Finally, one more sure-to-be-useless plea to SanDisk and marketers everywhere: can we please end the creative use of capital and lowercase letters in product names? The actual terms are "slotMusic" and "microSD," but I never remember to type them that way. Product names are proper nouns. Apple gets a pass because the iPod's been so ubiquitous in the media and advertising for the last five years that if I typed "IPod" or "IPhone" it would draw attention to itself, breaking the first rule of clean writing. But apart from Apple, forget it. Sorry.
In these energy-conscious times, oil is usually at the top of mind for most people. But there are many other ways to conserve energy that don't get nearly as much attention. Case in point: the tankless water heater .Topics: Bookmark: Digg Del.icio.us Reddit cnet_news406:http://news.cnet.com/8301-10784_3-6048244-7.html
Yahoo said on Monday that it is buying Right Media, which operates a real-time online ad auction network. The deal is worth about $680 million, in equal parts cash and Yahoo stock, for the 80 percent of Right Media that Yahoo does not already own.
In October , Yahoo led a $45 million Series B financing round in Right Media, which gave Yahoo a 20 percent stake in the company. The move comes about two weeks after Google said it was buying online ad company DoubleClick for $3.1 billion.
Apple faces a new lawsuit filed by shareholders angry over its stock option backdating practices.
Several shareholder suits have already been filed, but the latest one comes from the Boston Retirement Board, according to Andrews Publications over at Findlaw . This group claims to have "confidential information" regarding Apple's stock option backdating obtained through an inquiry via the Santa Clara County Superior Court, according to the article. However, it says it can't publish that information until a judge rules on how to treat the sensitive documents.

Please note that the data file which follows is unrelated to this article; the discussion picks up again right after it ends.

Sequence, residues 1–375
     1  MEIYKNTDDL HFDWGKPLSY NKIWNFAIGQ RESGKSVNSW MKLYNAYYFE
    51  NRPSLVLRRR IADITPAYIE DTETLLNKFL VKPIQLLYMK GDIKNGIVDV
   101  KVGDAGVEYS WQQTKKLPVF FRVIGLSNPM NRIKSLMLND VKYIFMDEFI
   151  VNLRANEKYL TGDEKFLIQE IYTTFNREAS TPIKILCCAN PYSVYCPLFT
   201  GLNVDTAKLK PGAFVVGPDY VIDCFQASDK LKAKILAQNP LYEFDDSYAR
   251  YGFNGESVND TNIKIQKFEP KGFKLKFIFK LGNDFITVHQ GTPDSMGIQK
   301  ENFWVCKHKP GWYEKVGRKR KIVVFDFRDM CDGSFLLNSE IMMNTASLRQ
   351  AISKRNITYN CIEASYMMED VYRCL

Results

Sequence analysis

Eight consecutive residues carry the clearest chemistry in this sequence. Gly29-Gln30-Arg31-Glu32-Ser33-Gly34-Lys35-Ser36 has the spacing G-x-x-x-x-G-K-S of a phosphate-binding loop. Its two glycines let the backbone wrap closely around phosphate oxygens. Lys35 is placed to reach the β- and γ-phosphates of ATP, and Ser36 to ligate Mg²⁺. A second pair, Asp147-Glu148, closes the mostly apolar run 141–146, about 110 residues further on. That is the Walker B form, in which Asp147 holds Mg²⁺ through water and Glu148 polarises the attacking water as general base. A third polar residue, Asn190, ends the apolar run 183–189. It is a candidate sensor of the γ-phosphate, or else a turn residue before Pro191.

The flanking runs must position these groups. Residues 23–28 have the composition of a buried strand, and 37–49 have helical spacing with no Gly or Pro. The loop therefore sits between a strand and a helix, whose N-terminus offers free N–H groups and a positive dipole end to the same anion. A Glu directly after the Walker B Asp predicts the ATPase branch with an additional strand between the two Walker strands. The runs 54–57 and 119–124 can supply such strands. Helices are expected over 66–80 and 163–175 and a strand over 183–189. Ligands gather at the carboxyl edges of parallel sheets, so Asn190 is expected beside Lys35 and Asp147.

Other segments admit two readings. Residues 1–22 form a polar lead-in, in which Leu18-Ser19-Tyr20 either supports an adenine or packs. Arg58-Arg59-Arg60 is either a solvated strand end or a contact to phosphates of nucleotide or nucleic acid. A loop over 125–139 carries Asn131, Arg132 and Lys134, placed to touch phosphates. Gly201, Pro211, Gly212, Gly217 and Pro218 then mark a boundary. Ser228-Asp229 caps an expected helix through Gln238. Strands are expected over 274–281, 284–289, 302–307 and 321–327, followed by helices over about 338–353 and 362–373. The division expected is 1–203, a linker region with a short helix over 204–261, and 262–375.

Apple acknowledged in late 2006 after an internal investigation that certain stock option grants, including one to CEO Steve Jobs, were improperly backdated to use a more favorable price when setting the options in order to make them more valuable. The company has maintained that while Jobs was aware that the options were backdated, he was not aware of the accounting implications of the practice. Backdating stock options is fine as long as you disclose the practice at the time, which Apple and dozens of other companies--including CNET Networks, publisher of News.com--in the early part of this decade did not do.
The suit, filed last week, charges that executives and directors harmed shareholders by failing to detect and prevent the backdating. A similar suit by the New York City Employees Retirement System was thrown out in November, but others are pending .
Sure, recycled paper is nice, but what about feeding it through a recycled printer?
Not as in refurbished and resold, but a new Deskjet that is composed of 83 percent recycled plastic. Hewlett-Packard is introducing a new green-focused label for some of its peripherals, and one of the first items under that label is the aforementioned D2545 printer.